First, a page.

• Mosley, P., Olejarova, D., & Alexeeva, E. (2004). Microfinance, social capital formation and political development in Russia and Eastern Europe: A pilot study of programmes in Russia, Slovakia and Romania. Journal of International Development, 16(3), 407–427.CrossrefGoogle Scholar

  • Nelson, C. (2013). Community-based providers. In J. Ledgerwood, J. Earne & C. Nelson (Eds.), The new microfinance Handbook: A financial market system perspective (pp. 162–163). Washington, DC: The World Bank.Google Scholar

  • Principe, M. (2017). Women in nonviolent movements, United States Institute of Peace (USIP) Special Report 399. Washington, DC.Google Scholar

  • Ray, D. (1998). Development economics. India: Oxford University Press.Google Scholar

  • Roxin, H., Berkmüller, H., Koller, P. J., Lawonn, J., Pooya, N., & Schappert, J. (2010). Economic empowerment of women through microcredit: The case of microfinance investment and technical assistance facility (MITAF). SLE Publication Series 240. Retrieved from http://edoc.hu-berlin.de/series/sle/240/PDF/240.pdf.Google Scholar

  • Sanyal, P. (2009). From credit to collective action: The role of microfinance in promoting women’s social capital and normative influence. American Sociological Review, 74(4), 529–550.CrossrefWeb of ScienceGoogle Scholar

  • Schwartz, S. H., Caprara, G. V., & Vecchione, M. (2010). Basic personal values, core political values, and voting: A longitudinal analysis. Political Psychology, 31(3), 421–452.Web of ScienceCrossrefGoogle Scholar

  • Semaan, S., Lauby, J., & Liebman, J. (2002). Street and network sampling in evaluation studies of HIV risk-reduction interventions. AIDS Reviews, 4(4), 213–223.Google Scholar

  • Sile, E. (2013). Financial inclusion in fragile states. In T. Triki & I. Faye (Eds.), Financial inclusion in Africa (pp. 94–104). Accra, Ghana: African Development Bank.Google Scholar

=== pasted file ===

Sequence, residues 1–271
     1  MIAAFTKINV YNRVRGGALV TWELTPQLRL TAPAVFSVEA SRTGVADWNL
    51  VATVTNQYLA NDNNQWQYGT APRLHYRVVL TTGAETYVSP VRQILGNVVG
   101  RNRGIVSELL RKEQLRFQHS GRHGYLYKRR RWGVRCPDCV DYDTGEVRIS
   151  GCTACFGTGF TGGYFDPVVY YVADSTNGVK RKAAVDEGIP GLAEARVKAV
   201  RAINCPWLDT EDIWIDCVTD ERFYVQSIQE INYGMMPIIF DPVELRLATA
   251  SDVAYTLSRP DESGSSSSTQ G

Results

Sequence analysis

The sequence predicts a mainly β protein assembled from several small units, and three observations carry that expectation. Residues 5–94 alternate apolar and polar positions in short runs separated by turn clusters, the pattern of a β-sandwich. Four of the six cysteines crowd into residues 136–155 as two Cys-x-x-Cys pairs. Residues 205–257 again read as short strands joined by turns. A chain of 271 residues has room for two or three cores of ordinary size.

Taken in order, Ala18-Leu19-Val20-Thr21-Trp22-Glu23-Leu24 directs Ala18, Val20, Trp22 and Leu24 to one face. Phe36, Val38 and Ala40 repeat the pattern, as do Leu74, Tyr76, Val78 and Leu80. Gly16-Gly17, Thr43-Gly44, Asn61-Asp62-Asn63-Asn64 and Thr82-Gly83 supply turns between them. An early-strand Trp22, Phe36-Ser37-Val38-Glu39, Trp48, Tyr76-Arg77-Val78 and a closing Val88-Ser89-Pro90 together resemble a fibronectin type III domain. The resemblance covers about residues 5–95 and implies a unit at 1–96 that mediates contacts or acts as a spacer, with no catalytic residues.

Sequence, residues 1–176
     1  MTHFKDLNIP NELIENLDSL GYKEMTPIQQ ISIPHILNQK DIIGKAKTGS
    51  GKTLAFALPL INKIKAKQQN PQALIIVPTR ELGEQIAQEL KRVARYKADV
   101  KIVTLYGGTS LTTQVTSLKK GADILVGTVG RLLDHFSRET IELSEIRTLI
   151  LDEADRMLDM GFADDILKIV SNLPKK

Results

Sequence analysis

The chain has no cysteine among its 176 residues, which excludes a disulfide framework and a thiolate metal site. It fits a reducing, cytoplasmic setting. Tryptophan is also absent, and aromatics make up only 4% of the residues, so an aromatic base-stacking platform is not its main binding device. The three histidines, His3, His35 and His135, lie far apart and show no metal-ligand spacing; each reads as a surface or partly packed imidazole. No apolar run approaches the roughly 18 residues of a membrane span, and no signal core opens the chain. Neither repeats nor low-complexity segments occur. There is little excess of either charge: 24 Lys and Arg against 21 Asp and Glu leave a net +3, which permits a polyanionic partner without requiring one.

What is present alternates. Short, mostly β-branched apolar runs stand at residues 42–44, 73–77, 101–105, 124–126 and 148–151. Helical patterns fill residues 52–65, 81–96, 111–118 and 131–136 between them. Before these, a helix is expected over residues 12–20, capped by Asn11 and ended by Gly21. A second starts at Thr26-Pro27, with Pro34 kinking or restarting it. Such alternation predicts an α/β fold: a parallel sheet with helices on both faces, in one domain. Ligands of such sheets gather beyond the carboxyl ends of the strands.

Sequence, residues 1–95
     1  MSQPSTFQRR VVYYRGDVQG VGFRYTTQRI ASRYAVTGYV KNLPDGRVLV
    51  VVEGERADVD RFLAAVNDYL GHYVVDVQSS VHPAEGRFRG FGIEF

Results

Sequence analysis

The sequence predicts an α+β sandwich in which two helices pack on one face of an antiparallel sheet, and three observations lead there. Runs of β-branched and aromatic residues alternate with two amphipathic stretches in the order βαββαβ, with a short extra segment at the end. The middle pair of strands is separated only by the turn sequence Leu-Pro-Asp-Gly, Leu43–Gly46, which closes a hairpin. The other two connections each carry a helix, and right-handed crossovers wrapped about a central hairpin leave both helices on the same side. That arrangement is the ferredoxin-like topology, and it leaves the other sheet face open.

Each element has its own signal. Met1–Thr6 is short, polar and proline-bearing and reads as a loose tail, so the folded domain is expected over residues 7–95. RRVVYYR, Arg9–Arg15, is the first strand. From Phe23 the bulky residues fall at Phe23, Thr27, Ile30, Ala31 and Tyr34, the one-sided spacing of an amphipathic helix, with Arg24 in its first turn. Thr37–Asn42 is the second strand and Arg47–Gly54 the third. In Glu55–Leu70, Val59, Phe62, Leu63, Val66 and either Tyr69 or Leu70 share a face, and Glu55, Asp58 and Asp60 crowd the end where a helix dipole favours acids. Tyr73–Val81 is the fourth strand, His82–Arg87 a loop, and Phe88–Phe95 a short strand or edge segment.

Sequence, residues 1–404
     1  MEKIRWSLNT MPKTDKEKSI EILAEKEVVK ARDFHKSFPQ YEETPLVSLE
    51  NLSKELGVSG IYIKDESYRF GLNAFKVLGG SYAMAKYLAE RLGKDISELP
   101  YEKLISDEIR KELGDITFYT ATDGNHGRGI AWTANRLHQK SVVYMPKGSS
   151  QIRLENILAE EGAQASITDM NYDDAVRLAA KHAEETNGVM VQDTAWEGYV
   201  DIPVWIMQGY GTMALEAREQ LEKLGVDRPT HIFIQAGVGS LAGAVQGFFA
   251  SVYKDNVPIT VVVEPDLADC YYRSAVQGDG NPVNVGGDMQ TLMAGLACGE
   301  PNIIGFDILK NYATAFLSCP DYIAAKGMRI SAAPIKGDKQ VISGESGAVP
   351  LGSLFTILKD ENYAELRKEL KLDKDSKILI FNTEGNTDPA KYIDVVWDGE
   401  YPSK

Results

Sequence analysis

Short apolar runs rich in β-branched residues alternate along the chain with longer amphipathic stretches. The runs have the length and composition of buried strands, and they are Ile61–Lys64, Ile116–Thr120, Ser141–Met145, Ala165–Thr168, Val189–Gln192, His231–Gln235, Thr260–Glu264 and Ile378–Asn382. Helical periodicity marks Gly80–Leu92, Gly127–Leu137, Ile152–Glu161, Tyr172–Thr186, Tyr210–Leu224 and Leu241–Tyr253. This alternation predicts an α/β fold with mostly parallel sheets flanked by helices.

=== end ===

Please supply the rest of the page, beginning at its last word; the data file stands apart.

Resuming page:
• Sims, B. M. (2012). Women in transition: A critical analysis of women’s civic and political participation in Liberia. Pretoria, South Africa: Idasa.Google Scholar

  • Tarrow, S. (1998). Power in Movement: Social Movements and Contentious Politics. Cambridge, UK: Cambridge University Press.Google Scholar

  • Turner, R. (1999). Entrepreneurial neighborhood initiatives: Political capital in community development. Economic Development Quarterly, 13(1), 15–22.CrossrefGoogle Scholar

  • UNDP. (2006). The first state of the environment report for Liberia. Monrovia, Liberia: UNDP-Liberia.Google Scholar

  • UNSG (UN Secretary General). (2014). Peacebuilding in the aftermath of conflict. Report of the Secretary-General. Document A/69/399–S/2014/694. Retrieved from https://reliefweb.int/sites/reliefweb.int/files/resources/N1454555.pdf.Google Scholar

  • Verba, S. (2006). Fairness, equality, and democracy: Three big words. Social Research: An International Quarterly of Social Sciences, 73(2), 499–540.Google Scholar

  • Watters, J., & Biernacki, P. (1989). Targeted sampling: Options for the study of hidden populations. Social Problems, 36(4), 416–430.CrossrefGoogle Scholar

  • Women’s World Banking. (2015). Individual lending for low-income women entrepreneurs: An inclusive approach. New York: Women’s World Banking.Google Scholar

About the article

Published Online: 2018-09-15


Citation Information: Peace Economics, Peace Science and Public Policy, Volume 24, Issue 3, 20170048, ISSN (Online) 1554-8597, DOI: https://doi.org/10.1515/peps-2017-0048.

Export Citation

©2018 Walter de Gruyter GmbH, Berlin/Boston.Get Permission

Comments (0)

Please log in or register to comment.
Log in